The OCDS has now progressed to the third 'proposal' stage of the Standards Hub process.
We want to help buyers publish all call-off contracts awarded from Digital Marketplace frameworks, in line with the OCDS, to Contracts Finder.
As we progress with implementing the OCDS, we’ll look at how we can openly publish individual ‘statements of work’ that are agreed between buyers and suppliers after call-off contracts are awarded.
This will support greater transparency in the OCDS ‘implementation stage’.
Open to everyone
As with other open source projects, I’d like to encourage collaborative and community-based efforts around a simple idea: user-centred, design-led and open approaches that transform public sector procurements and contracts.
I see this becoming a global collaborative effort, with new features and enhancements to all open source Digital Marketplace assets (and other governments’ platforms) being contributed by other like-minded people from around the world.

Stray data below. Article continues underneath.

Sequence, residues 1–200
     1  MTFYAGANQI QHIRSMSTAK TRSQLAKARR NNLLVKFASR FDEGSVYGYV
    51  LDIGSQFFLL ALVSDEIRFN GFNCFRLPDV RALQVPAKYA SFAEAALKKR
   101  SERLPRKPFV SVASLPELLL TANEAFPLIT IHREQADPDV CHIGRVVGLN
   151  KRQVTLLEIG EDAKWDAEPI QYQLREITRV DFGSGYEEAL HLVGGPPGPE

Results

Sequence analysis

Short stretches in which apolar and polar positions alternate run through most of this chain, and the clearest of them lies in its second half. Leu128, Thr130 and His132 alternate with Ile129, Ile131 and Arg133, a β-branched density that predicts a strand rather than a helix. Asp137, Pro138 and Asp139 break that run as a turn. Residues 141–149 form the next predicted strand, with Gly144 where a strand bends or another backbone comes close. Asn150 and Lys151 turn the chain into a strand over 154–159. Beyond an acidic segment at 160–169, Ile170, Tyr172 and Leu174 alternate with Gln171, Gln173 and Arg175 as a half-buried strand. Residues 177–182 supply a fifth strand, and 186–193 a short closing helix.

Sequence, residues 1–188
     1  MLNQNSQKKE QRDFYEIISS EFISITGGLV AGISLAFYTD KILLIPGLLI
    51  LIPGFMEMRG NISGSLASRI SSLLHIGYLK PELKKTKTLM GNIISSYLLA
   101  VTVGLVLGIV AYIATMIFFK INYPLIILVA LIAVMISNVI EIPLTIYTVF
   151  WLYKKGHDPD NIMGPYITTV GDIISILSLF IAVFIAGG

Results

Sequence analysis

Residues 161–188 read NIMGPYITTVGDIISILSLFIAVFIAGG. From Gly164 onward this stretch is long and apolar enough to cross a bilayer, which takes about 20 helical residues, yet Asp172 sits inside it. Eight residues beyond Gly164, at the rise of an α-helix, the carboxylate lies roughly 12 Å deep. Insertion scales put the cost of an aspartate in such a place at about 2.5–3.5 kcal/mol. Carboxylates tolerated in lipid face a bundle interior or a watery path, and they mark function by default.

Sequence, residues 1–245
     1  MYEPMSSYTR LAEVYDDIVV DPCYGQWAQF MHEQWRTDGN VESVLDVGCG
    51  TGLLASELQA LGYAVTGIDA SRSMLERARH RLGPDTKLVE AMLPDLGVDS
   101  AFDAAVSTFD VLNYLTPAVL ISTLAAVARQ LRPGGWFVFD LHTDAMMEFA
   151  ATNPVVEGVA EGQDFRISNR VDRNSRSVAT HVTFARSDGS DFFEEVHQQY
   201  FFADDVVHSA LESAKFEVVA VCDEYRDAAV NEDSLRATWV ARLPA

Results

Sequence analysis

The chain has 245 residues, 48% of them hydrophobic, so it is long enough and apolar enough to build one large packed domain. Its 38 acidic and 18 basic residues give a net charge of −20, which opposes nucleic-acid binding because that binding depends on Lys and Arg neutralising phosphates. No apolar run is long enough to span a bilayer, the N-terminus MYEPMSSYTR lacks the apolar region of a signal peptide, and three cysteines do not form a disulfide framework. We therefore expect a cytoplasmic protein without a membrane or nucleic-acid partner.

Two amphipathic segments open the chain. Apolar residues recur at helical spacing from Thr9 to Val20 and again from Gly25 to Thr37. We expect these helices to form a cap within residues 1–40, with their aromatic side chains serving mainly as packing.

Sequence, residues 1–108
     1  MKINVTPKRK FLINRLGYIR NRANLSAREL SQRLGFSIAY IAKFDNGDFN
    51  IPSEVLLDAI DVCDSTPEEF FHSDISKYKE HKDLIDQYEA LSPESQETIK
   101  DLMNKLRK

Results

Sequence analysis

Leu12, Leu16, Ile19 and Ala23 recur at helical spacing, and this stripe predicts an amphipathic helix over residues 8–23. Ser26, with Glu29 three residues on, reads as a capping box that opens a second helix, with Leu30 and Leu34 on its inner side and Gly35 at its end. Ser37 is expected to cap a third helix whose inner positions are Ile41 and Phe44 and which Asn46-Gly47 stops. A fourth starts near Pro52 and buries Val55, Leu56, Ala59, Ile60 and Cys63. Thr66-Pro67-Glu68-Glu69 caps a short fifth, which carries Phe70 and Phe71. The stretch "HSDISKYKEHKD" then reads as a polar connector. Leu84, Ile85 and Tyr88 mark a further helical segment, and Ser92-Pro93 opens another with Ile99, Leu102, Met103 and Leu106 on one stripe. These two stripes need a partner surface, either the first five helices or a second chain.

Stimulating global marketplaces
International trade and investment has many benefits. It fosters greater competition, which spurs innovation and leads to prosperity. That’s why the UK government is committed to driving international trade and investment opportunities.
It wants to become even more open with international trade partners, and put the UK at the forefront of global trade and investment.
We know that open, trading economies generate wealth. They create jobs, increase consumer choice and value for money and can lead to higher standards of living. And that’s why we’re thinking beyond UK markets. We know that a global marketplace won’t just benefit the countries we’re supporting to develop their Digital Marketplaces. It will fulfil the UK’s commitment to promoting UK exports of goods and services. It will also support a growing economy that creates wealth for all, supports jobs and meets our wider national interests.
More in this series
As I’ve said, this is the second in a series of 6 blog posts about the Digital Marketplace vision. Next time I’ll be looking at how we’re enabling end-to-end buying that’s as frictionless for users as possible.
As always, we’ll be thinking out loud by blogging here regularly. Sign up to follow the Digital Marketplace blog to track our progress.